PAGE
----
We are grateful to colleagues in College of Animal Science and Technology, Jiangxi Agricultural University for sample collection. This work was supported by the National Natural Science Foundation of China (No. 31960690; No. 31460648).

Figure 1
Anatomical and histopathological images of the liver in chickens. (A) Livers of normal chickens; (B) Livers of fatty liver hemorrhagic syndrome (FLHS) affected chickens; (C) Histopathological observation of the liver in normal chickens. (D) Histopathological observation of the liver in FLHS affected chickens. Scale bars = 100 μm; (E–F) Subcutaneous fat sections stained with haematoxylin and eosin from control (E) and experimental animals (F). Scale bars = 100 μm. (G) Based on sections in (E) and (F), the sizes of lipid droplets (LDs) were calculated from 100 adipocytes in each group. LDs in FLHS chickens were significantly larger than those in control chickens (p<0.001).
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Figure 2
Transcription profiles of 66 differentially expressed genes between healthy chickens and FLHS affected chickens. CTR, control; FLHS, fatty liver hemorrhagic syndrome.
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Figure 3
A pie chart of enriched biological processes involving 66 differentially expressed genes.
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Figure 4
A proposed model of the role of the JAK-STAT signaling pathway in the development of FLHS in chickens. (A) IL6 and SOCS3 in macrophages inhibit IRS-1 induced inflammation, hyperglycaemia and insulin resistance. (B) A proposed model of the role of the JAK-STAT signaling pathway in the development of FLHS in chickens. In healthy chickens, leptin induces satiety and increases energy expenditure. While in FLHS affected chickens, the activity of leptin as satiety hormone is decreased due to leptin resistance by suppressor gene of SOC3, inducing the dysfunction of Jak-STAT signaling pathway and resulting in excessive amount of abdominal fat. FLHS, fatty liver hemorrhagic syndrome; IL-6, interleukin-6; SOCS3, suppressor of cytokine signaling-3; IRS-1, insulin receptor substrate 1.
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Figure 5
mRNA expression levels of differentially expressed genes revealed by quantitative RT-PCR. (A) IL6, (B) SOCS3, and (C) CNTF. Expression levels in each tissue were determined as the fold-change in 2−ΔΔCt levels relative to the control group with median expression set to 1. RT-PCR, real-time polymerase chain reaction; IL-6, interleukin-6; SOCS3, suppressor of cytokine signaling-3; CNTF, ciliary neurotrophic factor. Significance was assessed by t-test, * p<0.05.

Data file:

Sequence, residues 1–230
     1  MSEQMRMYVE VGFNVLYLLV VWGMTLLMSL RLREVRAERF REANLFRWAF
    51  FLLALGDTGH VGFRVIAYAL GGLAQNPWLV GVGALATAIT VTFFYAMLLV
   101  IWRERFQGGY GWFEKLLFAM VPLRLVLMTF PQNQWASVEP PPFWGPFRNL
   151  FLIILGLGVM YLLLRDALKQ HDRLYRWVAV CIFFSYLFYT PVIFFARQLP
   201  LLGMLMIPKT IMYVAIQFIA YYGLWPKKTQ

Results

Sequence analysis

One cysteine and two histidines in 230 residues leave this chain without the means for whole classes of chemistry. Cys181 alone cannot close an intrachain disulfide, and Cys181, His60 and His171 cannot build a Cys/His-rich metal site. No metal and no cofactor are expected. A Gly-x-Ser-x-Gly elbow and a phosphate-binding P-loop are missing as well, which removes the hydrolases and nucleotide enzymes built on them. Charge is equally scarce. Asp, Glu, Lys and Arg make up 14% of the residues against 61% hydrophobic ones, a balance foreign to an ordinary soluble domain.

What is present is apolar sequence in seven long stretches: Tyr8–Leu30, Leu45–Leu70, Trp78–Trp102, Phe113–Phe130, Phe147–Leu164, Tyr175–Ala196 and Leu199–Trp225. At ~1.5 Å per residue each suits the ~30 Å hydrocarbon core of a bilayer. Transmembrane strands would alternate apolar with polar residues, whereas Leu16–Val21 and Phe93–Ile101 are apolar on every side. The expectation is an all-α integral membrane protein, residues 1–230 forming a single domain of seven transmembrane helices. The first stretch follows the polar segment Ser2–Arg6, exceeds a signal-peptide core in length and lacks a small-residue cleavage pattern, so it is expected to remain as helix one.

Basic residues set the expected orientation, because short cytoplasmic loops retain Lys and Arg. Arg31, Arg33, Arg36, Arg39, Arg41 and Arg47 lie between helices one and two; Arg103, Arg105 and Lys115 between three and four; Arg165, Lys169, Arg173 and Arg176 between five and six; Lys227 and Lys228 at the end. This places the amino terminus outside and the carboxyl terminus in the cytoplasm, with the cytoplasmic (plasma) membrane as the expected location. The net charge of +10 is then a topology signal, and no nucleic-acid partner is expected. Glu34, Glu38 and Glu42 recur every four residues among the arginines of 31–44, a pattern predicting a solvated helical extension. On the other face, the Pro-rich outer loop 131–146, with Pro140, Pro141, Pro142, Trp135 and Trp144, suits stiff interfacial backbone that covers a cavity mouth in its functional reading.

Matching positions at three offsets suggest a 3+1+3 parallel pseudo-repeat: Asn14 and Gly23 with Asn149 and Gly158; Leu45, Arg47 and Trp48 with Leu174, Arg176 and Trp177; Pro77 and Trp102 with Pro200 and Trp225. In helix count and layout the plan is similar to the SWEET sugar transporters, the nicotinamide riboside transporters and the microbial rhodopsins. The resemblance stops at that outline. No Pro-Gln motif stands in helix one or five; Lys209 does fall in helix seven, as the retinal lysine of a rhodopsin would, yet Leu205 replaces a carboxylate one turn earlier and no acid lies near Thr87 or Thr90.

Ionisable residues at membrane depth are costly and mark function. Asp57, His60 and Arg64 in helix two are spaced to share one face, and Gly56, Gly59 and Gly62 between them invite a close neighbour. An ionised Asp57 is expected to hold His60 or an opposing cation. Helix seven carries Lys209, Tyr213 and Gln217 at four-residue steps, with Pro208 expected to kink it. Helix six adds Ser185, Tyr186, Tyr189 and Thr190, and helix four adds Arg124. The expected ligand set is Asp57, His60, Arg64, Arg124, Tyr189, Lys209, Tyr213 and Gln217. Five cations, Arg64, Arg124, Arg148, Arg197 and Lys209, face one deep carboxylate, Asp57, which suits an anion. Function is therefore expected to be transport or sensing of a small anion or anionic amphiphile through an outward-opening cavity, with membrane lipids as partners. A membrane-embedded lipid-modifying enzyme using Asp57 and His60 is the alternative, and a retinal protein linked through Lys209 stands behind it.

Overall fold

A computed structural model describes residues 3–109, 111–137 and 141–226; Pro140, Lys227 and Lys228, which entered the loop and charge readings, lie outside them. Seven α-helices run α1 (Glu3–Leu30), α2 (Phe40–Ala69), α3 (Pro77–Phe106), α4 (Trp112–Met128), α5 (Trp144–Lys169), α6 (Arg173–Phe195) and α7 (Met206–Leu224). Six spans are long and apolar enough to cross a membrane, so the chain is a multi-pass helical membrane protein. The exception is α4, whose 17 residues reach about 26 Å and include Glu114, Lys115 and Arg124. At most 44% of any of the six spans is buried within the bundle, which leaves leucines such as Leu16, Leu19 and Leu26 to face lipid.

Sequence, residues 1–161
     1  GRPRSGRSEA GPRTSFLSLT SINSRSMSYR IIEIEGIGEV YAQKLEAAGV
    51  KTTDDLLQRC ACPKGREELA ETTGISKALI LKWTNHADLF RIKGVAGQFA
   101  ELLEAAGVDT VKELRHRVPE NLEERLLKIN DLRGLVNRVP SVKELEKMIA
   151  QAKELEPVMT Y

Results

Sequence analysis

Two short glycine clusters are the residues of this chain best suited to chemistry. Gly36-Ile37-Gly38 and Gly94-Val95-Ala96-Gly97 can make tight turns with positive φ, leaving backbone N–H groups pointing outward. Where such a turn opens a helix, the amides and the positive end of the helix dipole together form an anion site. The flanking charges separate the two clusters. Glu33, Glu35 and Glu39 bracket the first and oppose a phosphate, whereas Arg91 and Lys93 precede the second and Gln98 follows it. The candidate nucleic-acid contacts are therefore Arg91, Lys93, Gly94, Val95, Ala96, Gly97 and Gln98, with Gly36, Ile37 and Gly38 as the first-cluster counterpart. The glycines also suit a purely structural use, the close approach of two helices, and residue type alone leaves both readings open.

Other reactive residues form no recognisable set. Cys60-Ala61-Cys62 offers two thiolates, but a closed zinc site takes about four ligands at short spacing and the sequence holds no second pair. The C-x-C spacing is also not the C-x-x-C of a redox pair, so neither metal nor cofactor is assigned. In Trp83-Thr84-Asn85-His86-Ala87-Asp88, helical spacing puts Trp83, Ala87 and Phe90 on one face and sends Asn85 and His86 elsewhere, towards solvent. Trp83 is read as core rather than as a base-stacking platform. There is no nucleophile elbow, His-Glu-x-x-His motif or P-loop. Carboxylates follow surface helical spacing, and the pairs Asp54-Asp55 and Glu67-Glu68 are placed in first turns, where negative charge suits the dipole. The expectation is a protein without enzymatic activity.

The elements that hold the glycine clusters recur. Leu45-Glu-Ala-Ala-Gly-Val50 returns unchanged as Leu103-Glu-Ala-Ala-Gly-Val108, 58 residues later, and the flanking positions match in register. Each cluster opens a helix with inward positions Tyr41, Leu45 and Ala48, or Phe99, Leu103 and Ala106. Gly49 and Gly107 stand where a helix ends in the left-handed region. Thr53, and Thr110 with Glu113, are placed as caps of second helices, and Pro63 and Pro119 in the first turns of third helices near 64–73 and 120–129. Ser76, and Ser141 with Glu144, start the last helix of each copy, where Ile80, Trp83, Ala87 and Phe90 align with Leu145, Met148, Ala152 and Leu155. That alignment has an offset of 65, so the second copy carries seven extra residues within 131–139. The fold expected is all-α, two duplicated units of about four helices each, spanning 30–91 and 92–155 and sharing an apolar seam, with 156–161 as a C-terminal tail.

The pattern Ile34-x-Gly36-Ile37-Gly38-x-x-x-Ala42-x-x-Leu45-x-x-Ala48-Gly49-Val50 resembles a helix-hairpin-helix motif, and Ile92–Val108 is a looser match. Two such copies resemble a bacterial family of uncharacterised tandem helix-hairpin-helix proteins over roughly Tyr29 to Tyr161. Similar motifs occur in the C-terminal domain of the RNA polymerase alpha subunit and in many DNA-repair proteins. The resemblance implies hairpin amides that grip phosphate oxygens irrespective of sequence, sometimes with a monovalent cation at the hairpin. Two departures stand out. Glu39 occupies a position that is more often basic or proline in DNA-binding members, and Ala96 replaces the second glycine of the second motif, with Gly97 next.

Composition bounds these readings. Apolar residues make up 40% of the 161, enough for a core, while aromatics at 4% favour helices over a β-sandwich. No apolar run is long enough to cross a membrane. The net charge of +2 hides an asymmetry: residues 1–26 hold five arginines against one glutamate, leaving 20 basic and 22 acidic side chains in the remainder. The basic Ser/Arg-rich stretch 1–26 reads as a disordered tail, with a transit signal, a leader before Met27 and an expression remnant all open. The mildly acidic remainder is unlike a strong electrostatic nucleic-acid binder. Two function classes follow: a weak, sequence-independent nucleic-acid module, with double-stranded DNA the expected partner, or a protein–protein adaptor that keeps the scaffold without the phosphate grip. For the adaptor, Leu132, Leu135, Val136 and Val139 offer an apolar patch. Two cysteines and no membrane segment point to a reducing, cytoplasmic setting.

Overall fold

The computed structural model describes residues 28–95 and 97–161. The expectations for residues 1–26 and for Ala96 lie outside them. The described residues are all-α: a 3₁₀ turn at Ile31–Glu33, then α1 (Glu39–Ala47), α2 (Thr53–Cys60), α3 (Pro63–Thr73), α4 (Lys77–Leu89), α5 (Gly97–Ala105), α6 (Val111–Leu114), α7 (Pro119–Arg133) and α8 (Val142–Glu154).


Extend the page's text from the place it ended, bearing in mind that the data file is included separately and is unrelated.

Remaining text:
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Table 1
Effect of fatty liver hemorrhagic syndrome on liver index, hepatic triglyceride and hepatic total cholesterol in chickens
Parameters Control Experimental
Liver index1) (‰) 14.12±0.70A 20.03±0.68B
Hepatic TG (mmol/g) 4.22±0.29A 9.44±0.43B
Hepatic TC (mmol/g) 1.64±0.15A 3.30±0.31B

Values are presented as the mean±standard deviation (n≥10).

TG, triglyceride; TC, total cholesterol.

1) Liver index (‰) = humid weight of liver/body weight.

AB Values with different superscripts show highly significant difference between different groups (p<0.01).

Table 2
Top 10 up- and down- regulated genes in FLHS affected chickens
Gene log2(fold change) p-value Padj Regulate
PLA2G5 7.03 6.89E-04 4.99E-02 Up
DEGS2 5.91 1.48E-04 1.89E-02 Up
RSPO4 5.17 6.13E-07 5.72E-04 Up
GGCL1 4.50 1.14E-08 2.28E-05 Up
IL6 4.36 5.55E-07 5.55E-04 Up
SLC9A2 3.87 4.63E-04 3.92E-02 Up
SLITRK4 3.65 7.88E-06 3.34E-03 Up
ATP6V0D2 3.47 8.80E-06 3.62E-03 Up
IL13RA2 3.18 5.75E-06 2.76E-03 Up
EPHA1 3.16 5.74E-05 1.07E-02 Up
WFIKKN2 −2.73 1.54E-04 1.94E-02 Down
RD3L −1.91 1.33E-05 4.55E-03 Down
PLIN3 −1.87 5.62E-04 4.39E-02 Down
PIANP −1.58 4.64E-04 3.92E-02 Down
PLPP1 −1.49 9.44E-05 1.43E-02 Down
RFESD −1.48 8.31E-05 1.34E-02 Down
TMEM26 −1.40 3.03E-11 4.25E-07 Down
LRRTM4 −1.37 3.39E-04 3.24E-02 Down
RASSF9 −1.29 9.36E-05 1.43E-02 Down

PLA2G5, phospholipase A2 group V; DEGS2, delta 4-desaturase sphingolipid 2; RSPO4, R-Spondin 4; GGCL1, gallus chemokine-like ligand 1; IL6, interleukin-6; SLC9A2, solute carrier family 9 member 2; SLITRK4, slit and NTRK like family member 4; ATP6V0D2, ATPase H+ Transporting V0 subunit d2; IL13RA2, interleukin 13 receptor subunit alpha 2; EPHA1, eph receptor a1; WFIKKN2, WAP kunitz and netrin domain containing 2; RD3L, retinal degeneration 3 like; PLIN3, perilipin 3; PIANP, PILR alpha associated neural protein; PLPP1, phospholipid phosphatase 1; RFESD, RIESKE FE-S domain containing; TMEM26, transmembrane protein 26; LRRTM4, leucine rich repeat transmembrane neuronal 4; RASSF9, Ras association domain family member 9.

Table 3
Top canonical pathways that are enriched by differentially expressed genes between FLHS affected and non-affected chickens
Pathway Genes log2(Fold Change) p-value Padj Regulate Function
gga04630:Jak-STAT signaling pathway IL6 4.36 5.55E-07 5.55E-04 Up It acts as a cytokine that functions in inflammation and the maturation of B cells.
IL13RA2 3.18 5.75E-06 2.76E-03 Up It is a cytokine secreted by activated T lymphocytes that shares many logical activities with IL-4.
SOCS3 2.13 1.35E-04 1.80E-02 Up It inhibits the functioning of leptin and downstream steps in insulin signaling after being expressed by terminal transcription factors, such as STAT3 and c-fos.
CNTF 1.54 1.05E-07 1.63E-04 Up The protein is a potent survival factor for neurons and oligodendrocytes and may be relevant in reducing tissue destruction during inflammatory attacks.
gga04060:Cytokine-cytokine receptor interaction IL6 4.36 5.55E-07 5.55E-04 Up It acts as a cytokine that functions in inflammation and the maturation of B cells.
TNFRSF6B 2.03 7.43E-05 1.21E-02 Up It acts as a decoy receptor that competes with death receptors for ligand binding.
IL1R2 1.76 2.94E-04 3.06E-02 Up The protein can bind interleukin alpha (IL1A), interleukin beta (IL1B), and interleukin 1 receptor, type I (IL1R1/IL1RA), and acts as a decoy receptor that inhibits the activity of its ligands.
CNTF 1.54 1.05E-07 1.63E-04 Up The protein is a potent survival factor for neurons and oligodendrocytes and may be relevant in reducing tissue destruction during inflammatory attacks.

IL6, interleukin-6; IL13RA2, interleukin 13 receptor subunit alpha 2; SOCS3, suppressor of cytokine signaling 3; CNTF, ciliary neurotrophic factor; TNFRSF6B, TNF receptor superfamily member 6b; IL1R2, interleukin 1 receptor, type II.

Table 4
Serum IL-6, CNTF, and SOCS3 contents in healthy chickens and FLHS affected chickens
Genes Control group FLHS group
IL-6 (pg/mL) 3.12±1.38A 17.45±7.29B
SOCS3 (pg/mL) 44.81±11.64A 126.94±29.03B
CNTF (pg/mL) 6.00±2.72A 80.23±21.56B

Values are presented as the mean±standard deviation (n≥10).

IL-6, interleukin-6; CNTF, ciliary neurotrophic factor; SOCS3, suppressor of cytokine signaling-3; FLHS, fatty liver hemorrhagic syndrome.

AB Values with different superscripts show highly significant difference between different groups (p<0.01).